French captain Fabien Pelous, who becomes only the fifth player to reach 100 caps, won't be the only splendid antique on show when he leads his team against RBS Six Nations leaders Ireland in Dublin on Saturday.

As well as an accomplished, hard-headed XV led by Brian O'Driscoll, Ireland will parade the most atmospheric venue in world rugby. With its echoing stands and giant open banking, Lansdowne Road is the last of the old-fashioned international rugby stadiums, retaining a quality that other grounds have lost in the past two decades with redevelopment into all-seater venues.

It is not to every taste. One Irish columnist has called it an "embarrassing hovel". But those large standing areas give Lansdowne Road its uniquely vivid atmosphere, generating noise, immediacy and a sense of the crowd as a collectivity, not an assembly of atomised individuals. It is a ground for fans, not for corporate guests - a character underlined by the sight of Roy Keane, football's best known critic of prawn-sandwich consumers, in the crowd for Ireland's victory over England.

But what makes it superior as a rugby venue to Twickenham, Murrayfield or the Millennium Stadium is also its fatal weakness. As a generator of income it is not in the same class. The Irish Rugby Football Union reckon to make around €2m (£1.35m) from a 48,000 capacity crowd. Murrayfield, smallest of the other home nation grounds, can generate a good £1m more. In modern professional sport atmosphere versus income is a contest whose outcome is rarely in doubt.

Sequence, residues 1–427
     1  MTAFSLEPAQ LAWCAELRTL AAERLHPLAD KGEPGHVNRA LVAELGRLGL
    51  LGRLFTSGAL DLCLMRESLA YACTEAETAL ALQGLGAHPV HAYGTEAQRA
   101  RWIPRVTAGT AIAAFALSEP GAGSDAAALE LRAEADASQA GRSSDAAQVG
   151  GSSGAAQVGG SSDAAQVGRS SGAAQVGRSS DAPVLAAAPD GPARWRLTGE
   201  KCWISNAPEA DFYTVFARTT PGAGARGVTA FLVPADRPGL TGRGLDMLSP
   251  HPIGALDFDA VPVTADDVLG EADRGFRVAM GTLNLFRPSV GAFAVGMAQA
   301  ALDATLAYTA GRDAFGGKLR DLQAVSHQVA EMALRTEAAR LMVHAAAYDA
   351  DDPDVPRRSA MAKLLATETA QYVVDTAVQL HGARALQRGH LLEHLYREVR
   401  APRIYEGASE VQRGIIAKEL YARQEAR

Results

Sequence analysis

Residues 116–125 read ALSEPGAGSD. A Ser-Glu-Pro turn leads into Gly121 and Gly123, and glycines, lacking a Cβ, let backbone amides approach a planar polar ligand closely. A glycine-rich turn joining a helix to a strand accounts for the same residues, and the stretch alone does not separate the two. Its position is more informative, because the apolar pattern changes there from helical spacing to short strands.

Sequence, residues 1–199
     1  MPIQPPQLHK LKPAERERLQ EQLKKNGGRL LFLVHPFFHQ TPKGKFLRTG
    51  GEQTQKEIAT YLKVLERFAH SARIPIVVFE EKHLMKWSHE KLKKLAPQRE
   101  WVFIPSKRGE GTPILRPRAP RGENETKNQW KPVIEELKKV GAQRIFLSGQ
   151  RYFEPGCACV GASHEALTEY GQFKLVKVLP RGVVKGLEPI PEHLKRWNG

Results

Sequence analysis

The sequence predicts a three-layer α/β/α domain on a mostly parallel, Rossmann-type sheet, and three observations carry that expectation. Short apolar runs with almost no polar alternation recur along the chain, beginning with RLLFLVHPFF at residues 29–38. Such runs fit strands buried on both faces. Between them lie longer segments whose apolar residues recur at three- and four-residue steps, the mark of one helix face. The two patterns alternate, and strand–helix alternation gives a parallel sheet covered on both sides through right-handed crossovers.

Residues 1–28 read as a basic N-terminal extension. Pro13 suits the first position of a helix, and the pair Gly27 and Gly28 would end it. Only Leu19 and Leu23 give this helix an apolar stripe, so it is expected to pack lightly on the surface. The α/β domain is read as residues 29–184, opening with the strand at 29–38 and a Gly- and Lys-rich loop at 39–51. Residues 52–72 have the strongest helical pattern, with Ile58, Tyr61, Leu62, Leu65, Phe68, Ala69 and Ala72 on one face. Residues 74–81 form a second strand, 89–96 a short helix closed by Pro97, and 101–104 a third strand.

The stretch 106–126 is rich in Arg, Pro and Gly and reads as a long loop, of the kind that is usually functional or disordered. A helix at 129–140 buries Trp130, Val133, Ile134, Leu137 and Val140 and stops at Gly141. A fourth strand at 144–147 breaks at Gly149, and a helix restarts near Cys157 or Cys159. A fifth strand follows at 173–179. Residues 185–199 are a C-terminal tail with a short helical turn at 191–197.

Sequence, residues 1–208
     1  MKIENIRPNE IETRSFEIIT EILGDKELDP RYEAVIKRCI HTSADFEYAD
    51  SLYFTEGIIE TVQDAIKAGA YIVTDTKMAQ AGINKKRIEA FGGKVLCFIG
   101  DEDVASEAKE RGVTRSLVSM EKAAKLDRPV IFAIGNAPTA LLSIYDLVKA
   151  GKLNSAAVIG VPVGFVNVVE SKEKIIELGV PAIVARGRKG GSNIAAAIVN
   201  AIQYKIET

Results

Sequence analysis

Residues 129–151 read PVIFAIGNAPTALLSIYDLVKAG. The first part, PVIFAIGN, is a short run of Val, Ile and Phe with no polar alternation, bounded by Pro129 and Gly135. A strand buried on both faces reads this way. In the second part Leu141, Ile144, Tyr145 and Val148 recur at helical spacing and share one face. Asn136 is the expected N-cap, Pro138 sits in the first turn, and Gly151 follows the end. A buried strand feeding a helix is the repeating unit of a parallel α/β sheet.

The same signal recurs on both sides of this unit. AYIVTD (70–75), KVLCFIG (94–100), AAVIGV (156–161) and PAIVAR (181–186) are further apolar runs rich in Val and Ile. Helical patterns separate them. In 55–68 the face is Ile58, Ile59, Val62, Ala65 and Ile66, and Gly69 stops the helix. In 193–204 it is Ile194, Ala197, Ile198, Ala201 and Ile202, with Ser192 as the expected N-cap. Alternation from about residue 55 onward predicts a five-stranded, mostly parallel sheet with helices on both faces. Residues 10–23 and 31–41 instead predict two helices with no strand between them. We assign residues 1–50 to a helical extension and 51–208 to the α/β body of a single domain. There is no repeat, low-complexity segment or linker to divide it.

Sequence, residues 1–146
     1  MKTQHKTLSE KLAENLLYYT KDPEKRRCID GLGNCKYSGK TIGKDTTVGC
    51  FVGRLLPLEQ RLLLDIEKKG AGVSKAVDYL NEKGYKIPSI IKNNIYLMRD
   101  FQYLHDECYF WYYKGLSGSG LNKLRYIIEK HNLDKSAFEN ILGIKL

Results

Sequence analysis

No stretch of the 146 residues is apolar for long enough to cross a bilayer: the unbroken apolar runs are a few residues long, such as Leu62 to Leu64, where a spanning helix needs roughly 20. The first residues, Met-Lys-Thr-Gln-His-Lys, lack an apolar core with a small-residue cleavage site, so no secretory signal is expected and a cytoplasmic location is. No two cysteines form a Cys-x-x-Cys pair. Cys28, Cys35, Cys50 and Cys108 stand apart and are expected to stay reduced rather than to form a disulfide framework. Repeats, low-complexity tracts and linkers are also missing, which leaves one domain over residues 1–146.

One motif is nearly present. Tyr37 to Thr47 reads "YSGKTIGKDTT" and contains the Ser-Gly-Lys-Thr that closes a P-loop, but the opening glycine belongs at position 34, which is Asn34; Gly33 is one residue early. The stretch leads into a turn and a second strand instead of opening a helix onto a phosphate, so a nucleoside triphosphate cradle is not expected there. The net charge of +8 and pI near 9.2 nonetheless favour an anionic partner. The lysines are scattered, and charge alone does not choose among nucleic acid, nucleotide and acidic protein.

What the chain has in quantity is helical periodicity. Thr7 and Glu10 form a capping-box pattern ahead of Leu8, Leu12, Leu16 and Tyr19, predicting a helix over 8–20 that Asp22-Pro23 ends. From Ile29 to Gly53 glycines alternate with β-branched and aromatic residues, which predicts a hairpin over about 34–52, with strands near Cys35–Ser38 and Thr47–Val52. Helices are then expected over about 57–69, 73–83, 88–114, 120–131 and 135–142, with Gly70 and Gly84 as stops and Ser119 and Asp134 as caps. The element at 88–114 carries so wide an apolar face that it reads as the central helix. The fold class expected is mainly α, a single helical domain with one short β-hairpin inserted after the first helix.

So, if all goes to plan - and a planning permission still to be secured - the next Six Nations season will be the last for the old ground. In its place will rise a €300m all-seater, 50,000 capacity stadium with the requisite corporate facilities.

The Irish government will fund two-thirds of the project, with the Football Association of Ireland chipping in around €35m. The IRFU isn't saying how much income it will generate per match, but it is a safe bet those numbers will be much closer to Murrayfield or the Millennium Stadium than to current Lansdowne Road turnover.

For two years Irish rugby will need a new home. An IRFU spokesman says :"We will be seeking temporary accommodation with a minimum 50,000 capacity. If that isn't available in Ireland, we will go elsewhere".

The important word is "available". There is such a ground in Dublin, the Gaelic Athletic Association's Croke Park, which holds 80,000. The stumbling block is the GAA's ban on hosting games associated with former British rule - either, according to taste, fealty to a proud nationalist tradition or outdated prejudice.

This ban, like the prohibition on GAA members having anything to do with the "garrison games" dropped in the early 1970s, occasions continuous debate within gaelic sport. The IRFU is studiously neutral on the matter, saying : "This is an internal matter for the GAA".

It will though certainly be interested in the outcome of the GAA's annual meeting next month, featuring another debate on the ban and a presidential election in which one candidate has argued that it should be reconsidered.

But wherever that two-year hiatus may take them - a flight to London or Cardiff, or merely a bus ride to north Dublin - Irish fans watching on Saturday will be aware of more than possibly the trickiest step yet on their pursuit of the championship against a French team that rediscovered something of itself, even as it lost the match, against Wales in Paris.

Those with a sense of history - generally an Irish attribute - know that something different, distinctive and irreplaceable will soon be lost.

Get alerts on Western Europe when a new story is published

Copyright The Financial Times Limited 2021. All rights reserved.
Reuse this content (opens in new window) CommentsJump to comments section

Comments have not been enabled for this article.

Follow the topics in this article